A George III brandy pan on stand by Eames & Barnard, London 1808
Lot 404
A George III brandy pan on stand
by Eames & Barnard, London 1808
Sold for £687 (US$ 1,155) inc. premium
Auction Details
A George III brandy pan on stand by Eames & Barnard, London 1808
Lot Details
A George III brandy pan on stand
by Eames & Barnard, London 1808
The pan of slightly tapering form, the pull-off lid with hinged spout cover, fruitwood side handle and gadrooned wooden finial, the stand on three reeded supports terminating in paw feet, with cylindrical burner, crested and with coat of arms, height 17.5cm, weight 17.9oz gross.

Footnotes

  • The coat of arms are those of Prince Adolphus Frederick born 1744, who was the 11th child (7th son) of George III and Queen Charlotte. He was made a Knight of the Garter in 1786 and given the titles Duke of Cambridge, Earl of Tipperary and Baron Culloden in 1801. He married Augusta Wilhelmina the 3rd daughter of Frederick, Landgrave of Hesse Cassel in 1818. Their first son George was born in 1819, followed by Augusta in 1822 and Mary in 1833.
    Contrasting with the pattern set by his brothers; Queen Victoria's 'Wicked Uncles', Adolphus was reportedly the favourite son of George III and his queen, and was moral, popular and lived within his income.
    With his early military career in the Hanoverian army Adolphus saw active service in Holland, being wounded in the shoulder and briefly captured in 1793. After his escape Adolphus told the Prince of Wales he would rather have resisted and been killed than become a hostage valuable to the French. An extended period as Governor-General, later Viceroy, of Hanover brought Adolphus renowned popularity enhanced by the charm and beauty of his wife Augusta.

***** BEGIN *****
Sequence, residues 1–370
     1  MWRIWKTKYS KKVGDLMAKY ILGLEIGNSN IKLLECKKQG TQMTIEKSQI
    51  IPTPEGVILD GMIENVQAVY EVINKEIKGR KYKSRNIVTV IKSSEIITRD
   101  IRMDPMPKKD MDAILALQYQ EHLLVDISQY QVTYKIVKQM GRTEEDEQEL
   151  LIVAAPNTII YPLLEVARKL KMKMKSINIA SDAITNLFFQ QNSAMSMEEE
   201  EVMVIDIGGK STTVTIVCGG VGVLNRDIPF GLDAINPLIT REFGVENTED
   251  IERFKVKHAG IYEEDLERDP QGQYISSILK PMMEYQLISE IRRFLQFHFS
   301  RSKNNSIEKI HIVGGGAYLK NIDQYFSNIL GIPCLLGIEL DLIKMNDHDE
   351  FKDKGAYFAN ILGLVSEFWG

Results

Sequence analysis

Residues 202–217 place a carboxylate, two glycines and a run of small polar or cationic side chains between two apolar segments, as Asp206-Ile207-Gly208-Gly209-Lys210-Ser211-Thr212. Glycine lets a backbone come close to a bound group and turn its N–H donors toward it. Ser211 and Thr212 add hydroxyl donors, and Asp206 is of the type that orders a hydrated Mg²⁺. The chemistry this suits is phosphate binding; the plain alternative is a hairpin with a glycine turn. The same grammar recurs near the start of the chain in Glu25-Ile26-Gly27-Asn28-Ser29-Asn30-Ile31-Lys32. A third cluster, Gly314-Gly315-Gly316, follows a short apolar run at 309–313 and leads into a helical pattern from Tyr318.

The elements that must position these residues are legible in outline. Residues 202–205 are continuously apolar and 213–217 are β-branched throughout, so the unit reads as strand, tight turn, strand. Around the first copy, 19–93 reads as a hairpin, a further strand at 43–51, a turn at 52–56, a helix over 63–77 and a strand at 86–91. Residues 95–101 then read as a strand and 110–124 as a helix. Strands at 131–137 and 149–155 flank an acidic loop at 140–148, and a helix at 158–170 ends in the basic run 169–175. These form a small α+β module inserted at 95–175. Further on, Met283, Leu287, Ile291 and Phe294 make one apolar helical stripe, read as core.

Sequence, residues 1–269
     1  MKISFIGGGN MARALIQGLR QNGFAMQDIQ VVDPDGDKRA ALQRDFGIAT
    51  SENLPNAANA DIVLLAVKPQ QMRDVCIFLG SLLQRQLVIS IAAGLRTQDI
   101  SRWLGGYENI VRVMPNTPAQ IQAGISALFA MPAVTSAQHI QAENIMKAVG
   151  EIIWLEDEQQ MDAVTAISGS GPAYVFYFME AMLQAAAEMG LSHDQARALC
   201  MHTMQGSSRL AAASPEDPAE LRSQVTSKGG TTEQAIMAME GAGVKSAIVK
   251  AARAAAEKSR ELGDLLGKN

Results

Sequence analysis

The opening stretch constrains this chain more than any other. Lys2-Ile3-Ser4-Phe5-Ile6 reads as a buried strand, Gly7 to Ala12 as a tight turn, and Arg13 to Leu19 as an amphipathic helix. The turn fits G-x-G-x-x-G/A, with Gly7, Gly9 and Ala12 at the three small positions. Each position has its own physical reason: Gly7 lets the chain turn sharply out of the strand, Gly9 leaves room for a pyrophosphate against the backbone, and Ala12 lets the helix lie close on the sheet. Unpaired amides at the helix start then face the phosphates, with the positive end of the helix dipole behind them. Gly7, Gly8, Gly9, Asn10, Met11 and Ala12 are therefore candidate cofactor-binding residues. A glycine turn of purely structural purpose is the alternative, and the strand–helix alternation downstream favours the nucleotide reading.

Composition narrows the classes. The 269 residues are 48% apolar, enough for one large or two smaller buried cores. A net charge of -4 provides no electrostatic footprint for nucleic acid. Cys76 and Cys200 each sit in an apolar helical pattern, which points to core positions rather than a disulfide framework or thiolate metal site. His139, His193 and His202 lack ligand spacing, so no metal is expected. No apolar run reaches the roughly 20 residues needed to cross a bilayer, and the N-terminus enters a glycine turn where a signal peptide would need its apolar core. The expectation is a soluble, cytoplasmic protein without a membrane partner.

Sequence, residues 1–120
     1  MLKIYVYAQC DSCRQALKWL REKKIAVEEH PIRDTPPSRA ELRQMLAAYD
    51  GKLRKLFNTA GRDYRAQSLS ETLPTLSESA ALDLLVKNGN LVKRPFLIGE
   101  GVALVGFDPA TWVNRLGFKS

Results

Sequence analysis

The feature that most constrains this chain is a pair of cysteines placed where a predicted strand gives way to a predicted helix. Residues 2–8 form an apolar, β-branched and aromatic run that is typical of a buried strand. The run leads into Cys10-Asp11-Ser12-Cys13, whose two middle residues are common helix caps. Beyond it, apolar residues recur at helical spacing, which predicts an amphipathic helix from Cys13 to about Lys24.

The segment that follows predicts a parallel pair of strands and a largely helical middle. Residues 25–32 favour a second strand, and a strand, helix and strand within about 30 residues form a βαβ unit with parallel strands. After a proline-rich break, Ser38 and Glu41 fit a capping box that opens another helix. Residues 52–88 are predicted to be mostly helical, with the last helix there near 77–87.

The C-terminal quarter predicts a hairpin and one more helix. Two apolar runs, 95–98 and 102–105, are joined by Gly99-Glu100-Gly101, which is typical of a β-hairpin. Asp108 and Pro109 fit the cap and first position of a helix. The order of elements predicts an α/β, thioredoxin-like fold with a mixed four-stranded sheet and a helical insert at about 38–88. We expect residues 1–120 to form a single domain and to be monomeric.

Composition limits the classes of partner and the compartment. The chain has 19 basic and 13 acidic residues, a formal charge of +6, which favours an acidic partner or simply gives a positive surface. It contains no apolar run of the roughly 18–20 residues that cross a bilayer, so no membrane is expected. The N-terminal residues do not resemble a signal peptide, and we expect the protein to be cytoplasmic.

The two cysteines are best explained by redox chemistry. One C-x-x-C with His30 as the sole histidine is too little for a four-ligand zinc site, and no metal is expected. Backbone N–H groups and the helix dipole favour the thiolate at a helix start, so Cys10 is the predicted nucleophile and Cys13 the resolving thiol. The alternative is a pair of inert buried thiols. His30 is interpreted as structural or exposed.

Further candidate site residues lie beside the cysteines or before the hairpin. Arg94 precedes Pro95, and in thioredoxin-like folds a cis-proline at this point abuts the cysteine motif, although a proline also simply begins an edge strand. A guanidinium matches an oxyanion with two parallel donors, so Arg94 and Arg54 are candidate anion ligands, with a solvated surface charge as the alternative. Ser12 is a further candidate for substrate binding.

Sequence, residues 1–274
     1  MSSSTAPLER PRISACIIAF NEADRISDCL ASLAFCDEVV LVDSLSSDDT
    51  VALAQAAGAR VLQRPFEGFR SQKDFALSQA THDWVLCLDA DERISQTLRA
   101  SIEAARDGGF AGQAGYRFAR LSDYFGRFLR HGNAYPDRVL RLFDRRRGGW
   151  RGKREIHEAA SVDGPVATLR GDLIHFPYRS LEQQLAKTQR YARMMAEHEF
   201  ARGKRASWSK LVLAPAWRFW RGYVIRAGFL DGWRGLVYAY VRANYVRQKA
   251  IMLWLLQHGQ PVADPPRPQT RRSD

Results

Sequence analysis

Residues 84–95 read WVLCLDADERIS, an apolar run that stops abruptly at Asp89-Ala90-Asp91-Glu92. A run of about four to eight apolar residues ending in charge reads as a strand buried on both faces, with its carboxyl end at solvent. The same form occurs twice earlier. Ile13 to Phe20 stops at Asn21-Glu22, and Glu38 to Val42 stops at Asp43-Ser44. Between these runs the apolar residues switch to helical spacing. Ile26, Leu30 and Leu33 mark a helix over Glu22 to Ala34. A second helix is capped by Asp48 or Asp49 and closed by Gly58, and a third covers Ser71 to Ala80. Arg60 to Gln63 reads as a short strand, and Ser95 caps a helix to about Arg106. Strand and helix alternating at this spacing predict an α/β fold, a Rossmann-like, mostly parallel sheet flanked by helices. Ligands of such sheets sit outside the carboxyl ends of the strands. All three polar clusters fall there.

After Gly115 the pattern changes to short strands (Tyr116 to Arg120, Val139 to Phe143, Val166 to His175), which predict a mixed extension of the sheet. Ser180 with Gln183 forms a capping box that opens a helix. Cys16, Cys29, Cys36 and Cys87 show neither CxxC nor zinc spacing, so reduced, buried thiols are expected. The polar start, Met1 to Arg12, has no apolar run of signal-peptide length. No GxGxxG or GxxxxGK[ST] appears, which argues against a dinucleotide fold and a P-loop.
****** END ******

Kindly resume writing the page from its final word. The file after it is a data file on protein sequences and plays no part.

Aloof from politics, Adolphus returned to England in 1837 with no constitutional part to play. But his eccentricities, perhaps attributable to his deafness, became legendary as he grew older. In church when the commandment 'Thou shalt do no murder' was pronounced the Duke of Cambridge was credited with replying "I don't; I leave that to my brother, Ernest."
    His lasting reputation was as a charming family man, an indefatigable supporter of charities and for providing a personal link between the crown and people of the UK.
    With thanks to John Allen for his contribution to the cataloguing of this lot.
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  2. Fiona Hamilton
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    Bonhams
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